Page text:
Elkind M, Luna J, McClure L, Zhang Y, Coffey C, Roldan A, et al. C-Reactive Protein as a Prognostic Marker After Lacunar Stroke: Levels of Inflammatory Markers in the Treatment of Stroke Study. Stroke. 2014

There is evidence provided by basic and clinical research that inflammation plays an important role in atherosclerosis and cardiovascular disease. Several studies have demonstrated utility of high sensitivity assay for C-reactive protein (hsCRP) as a marker of future risk of coronary artery disease. The relationship of hsCRP with risk of recurrent stroke is not very clear at present. There are some studies with focus on first ever stroke that have looked at hsCRP as a prognostic marker but there are few that have studied it for secondary prevention of ischemic stroke.

Elkind and colleagues report the results of Levels of Inflammatory Markers in Treatment of Stroke (LIMITS) trial that was an ancillary study nested within Secondary Prevention of Small Subcortical Strokes (SPS3). Of the total population enrolled in SPS3, 1244 were enrolled in LIMITS. Within this group, there were 83 recurrent ischemic strokes and 115 major vascular events (stroke, myocardial infarction, vascular death). hsCRP was measured during the subacute phase (median time after stroke 60 days). There was an increased risk of recurrent stroke in those with hsCRP>4.86 mg/L (unadjusted HR 2.54, 95%CI 1.30-4.96). The risk remained high (adjusted HR 2.32, 95%CI 1.15-4.68) even after adjustment for traditional risk factors (smoking, statin use, hypertension, diabetes etc) and demographics (age, sex, race). There was no linear relationship with hsCRP levels and no interaction with randomized anti-platelet treatment.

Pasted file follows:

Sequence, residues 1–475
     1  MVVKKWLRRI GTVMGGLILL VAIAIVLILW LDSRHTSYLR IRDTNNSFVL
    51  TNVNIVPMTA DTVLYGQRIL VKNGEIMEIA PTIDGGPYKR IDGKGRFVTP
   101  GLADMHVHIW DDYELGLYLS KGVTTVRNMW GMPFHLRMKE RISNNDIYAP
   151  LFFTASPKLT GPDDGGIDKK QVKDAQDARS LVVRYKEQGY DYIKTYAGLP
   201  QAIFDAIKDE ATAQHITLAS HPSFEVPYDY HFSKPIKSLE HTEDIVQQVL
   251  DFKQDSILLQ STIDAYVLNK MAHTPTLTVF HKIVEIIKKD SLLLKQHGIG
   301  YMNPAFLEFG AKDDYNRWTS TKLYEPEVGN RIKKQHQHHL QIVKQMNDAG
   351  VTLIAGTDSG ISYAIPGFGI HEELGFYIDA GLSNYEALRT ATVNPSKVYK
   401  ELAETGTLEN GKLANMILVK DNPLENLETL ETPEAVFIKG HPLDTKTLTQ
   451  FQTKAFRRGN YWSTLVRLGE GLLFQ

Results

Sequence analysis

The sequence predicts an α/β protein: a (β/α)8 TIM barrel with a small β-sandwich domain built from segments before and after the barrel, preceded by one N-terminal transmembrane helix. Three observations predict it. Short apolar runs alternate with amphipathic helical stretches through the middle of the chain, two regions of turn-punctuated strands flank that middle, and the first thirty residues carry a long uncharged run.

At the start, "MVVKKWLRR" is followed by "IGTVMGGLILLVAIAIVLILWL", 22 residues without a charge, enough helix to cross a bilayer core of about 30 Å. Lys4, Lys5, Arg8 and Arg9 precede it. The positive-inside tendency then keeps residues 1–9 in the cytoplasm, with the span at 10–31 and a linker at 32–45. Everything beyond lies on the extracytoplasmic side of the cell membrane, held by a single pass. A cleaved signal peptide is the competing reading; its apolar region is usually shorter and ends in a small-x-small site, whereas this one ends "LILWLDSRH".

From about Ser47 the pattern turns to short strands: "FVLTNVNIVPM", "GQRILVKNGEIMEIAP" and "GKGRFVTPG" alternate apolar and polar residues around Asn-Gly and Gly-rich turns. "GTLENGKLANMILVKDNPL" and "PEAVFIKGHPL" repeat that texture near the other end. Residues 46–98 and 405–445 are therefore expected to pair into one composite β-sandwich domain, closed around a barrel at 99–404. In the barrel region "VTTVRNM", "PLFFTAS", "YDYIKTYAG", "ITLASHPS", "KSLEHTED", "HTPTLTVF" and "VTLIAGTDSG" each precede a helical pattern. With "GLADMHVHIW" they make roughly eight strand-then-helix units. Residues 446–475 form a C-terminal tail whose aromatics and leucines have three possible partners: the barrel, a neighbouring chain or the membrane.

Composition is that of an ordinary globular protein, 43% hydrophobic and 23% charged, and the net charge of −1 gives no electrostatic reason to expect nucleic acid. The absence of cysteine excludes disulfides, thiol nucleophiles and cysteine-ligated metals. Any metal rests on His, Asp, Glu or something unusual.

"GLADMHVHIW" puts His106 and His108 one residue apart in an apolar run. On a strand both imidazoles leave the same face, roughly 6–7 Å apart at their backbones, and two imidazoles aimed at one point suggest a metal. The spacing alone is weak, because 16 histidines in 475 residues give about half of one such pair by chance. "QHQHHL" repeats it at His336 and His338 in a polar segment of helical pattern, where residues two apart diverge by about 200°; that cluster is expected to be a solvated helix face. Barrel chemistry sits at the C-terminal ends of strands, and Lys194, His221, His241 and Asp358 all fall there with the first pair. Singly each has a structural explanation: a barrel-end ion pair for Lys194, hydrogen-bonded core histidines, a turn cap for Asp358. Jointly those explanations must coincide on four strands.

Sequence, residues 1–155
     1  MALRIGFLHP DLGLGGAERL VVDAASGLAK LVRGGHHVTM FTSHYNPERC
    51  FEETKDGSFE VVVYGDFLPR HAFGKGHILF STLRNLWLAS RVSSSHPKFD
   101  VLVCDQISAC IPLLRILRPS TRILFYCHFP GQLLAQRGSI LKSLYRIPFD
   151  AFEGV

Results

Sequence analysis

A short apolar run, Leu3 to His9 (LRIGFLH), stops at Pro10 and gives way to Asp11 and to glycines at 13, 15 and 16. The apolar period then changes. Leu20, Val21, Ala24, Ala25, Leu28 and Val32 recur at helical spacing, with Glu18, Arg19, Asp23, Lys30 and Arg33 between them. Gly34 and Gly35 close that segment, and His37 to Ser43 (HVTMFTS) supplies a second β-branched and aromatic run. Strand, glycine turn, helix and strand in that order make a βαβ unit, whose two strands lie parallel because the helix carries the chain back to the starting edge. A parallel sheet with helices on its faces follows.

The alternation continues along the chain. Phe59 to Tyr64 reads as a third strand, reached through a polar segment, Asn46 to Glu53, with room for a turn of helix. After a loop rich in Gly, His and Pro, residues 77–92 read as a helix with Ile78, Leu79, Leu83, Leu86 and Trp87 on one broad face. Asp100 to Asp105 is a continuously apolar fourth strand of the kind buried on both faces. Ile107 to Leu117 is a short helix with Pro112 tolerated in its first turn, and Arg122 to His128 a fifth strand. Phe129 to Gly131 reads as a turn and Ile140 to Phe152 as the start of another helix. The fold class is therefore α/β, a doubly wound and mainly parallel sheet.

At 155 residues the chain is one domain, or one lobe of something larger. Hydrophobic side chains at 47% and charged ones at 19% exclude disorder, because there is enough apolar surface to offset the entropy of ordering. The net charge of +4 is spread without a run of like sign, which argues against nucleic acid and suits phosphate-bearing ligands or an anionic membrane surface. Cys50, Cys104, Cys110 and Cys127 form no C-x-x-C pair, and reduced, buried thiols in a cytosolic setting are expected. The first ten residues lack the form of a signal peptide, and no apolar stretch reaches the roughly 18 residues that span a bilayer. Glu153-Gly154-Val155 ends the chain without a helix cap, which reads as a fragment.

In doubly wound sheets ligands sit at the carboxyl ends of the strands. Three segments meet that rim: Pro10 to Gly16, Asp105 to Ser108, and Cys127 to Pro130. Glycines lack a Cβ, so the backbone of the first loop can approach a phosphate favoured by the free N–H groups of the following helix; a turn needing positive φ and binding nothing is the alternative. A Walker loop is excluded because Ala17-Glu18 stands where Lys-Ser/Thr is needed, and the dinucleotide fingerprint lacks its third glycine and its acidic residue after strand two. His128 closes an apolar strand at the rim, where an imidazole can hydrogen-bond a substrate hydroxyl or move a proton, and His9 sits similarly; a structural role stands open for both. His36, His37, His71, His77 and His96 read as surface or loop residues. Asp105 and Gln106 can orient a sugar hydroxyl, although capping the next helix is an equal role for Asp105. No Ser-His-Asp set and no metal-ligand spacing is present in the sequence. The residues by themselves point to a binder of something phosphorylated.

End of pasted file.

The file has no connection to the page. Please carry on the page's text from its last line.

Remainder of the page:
This study provides evidence that hsCRP predicts risk of recurrent ischemic stroke after a recent lacunar stroke. Although there was prognostic value of hsCRP in this study, it could not predict response to dual anti-platelet use. It is unclear at this time if this prognostic information can be used to alter the treatment regimen to provide better secondary prevention measures that would drive the risk of recurrent stroke further down. It will be interesting to see whether hsCRP can be used to stratify patients for research in future, especially secondary prevention treatment trials.